How Porsche uses technology to inspire, collaborate, and innovate
AUTOMAKERS, while focused on building self-driving cars, are also keen on using technology to improve existing processes and functions.
Porsche is one such company. Although a global brand, the company employs just 30,000 employees — a fraction of the workforce in comparison to many of its competitors.
However, its size is also an advantage. It allows the company to innovate more intimately.
In an exclusive interview with Tech Wire Asia, Porsche Digital Lab Director Anja Hendel explained how the company sees technology and innovation.
“Technology should be used to solve customers’ and employees’ problems.”
“At the digital lab, we explore different technologies, inspire the organization about the possibilities that the technology brings, and then work with employees to build solutions that make products and processes better.”
While that’s a great philosophy, Hendel explains how the company avoids losing sight of it the hustle and bustle of everyday business.
“One of our main focus areas is artificial intelligence, especially in production.
“When engineers build a car in this era, they put together several connectors that make the electronic components work. In a fast-paced environment, however, despite best efforts, not all of those connections are perfect.
“That’s a challenge because it means either we risk sending the car out and having the customer run into issues after the sale, or spend a lot of time checking and fixing those before they leave the factory.
“The digital lab worked with engineers in the production unit to solve this problem using AI. What we did was focus on the acoustics — the sound that is produced when each connector is snapped into place.
“That sound is analyzed by AI to determine if the connection is right or needs fixing.”
Hendel explained that in the German automakers’ production facility, sound plays a big role as engineers open and close doors, bonnets, etc several times to ensure that things are right.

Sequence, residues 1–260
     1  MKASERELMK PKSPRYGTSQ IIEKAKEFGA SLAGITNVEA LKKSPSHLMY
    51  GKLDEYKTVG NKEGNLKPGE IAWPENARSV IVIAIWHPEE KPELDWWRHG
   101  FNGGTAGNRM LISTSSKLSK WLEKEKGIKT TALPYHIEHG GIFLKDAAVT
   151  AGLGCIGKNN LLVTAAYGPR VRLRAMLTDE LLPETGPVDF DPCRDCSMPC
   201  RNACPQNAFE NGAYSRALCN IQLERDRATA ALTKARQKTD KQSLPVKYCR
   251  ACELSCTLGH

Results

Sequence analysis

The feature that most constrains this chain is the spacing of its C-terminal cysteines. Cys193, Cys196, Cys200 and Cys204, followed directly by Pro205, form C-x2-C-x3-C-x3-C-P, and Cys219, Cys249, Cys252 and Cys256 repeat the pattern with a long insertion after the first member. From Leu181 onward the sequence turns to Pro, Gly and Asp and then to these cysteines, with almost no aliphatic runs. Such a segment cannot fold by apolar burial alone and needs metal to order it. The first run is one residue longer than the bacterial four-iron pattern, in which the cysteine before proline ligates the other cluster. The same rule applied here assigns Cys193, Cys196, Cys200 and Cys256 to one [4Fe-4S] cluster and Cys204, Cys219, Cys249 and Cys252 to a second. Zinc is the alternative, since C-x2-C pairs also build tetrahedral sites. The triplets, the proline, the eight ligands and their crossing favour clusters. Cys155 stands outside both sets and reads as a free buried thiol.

Acoustics, therefore, is critical, and the digital lab is, therefore, using AI to help improve all those processes and to make production a lot faster and better, and ultimately ensuring that when cars leave the factory floor, they meet the highest quality standards and customer expectations.
Of course, the AI use case that Hendel described to Tech Wire Asia is incredibly interesting but the back story she shared about how she and her team helped inspire the business about the connection between acoustics and technology and the role of AI shows the organization’s commitment to using technology — not for the sake of it — but to improve processes, and employees’ lives.
“After a lot of deliberation, we attached a microphone (powered by Raspberry Pi — a tiny, low cost, computer) to a coffee machine to listen to the different sounds and vibrations made by it when producing different kinds of coffee.
“That data — sounds and vibrations — fed into an AI model helped listen to a sound and identify what kind of coffee preparation (espresso, latte, etc) was chosen by the employee.
“This was showcased to all employees at the annual Digital Days conference at our head office in Stuttgart, Germany to open their eyes to the possibilities. The ‘innovation’ in the production unit, with electrical connectors, was one of the first use cases.”
Hendel had a spark in her eye when she talked about the work that her organization does with technology, but working with new and cutting-edge technology isn’t what gives her joy. It’s the ability to inspire people, collaborate with them, and innovate that holds the magic.
“Innovation is beautiful when bringing together the right people,” concluded a proud Hendel.
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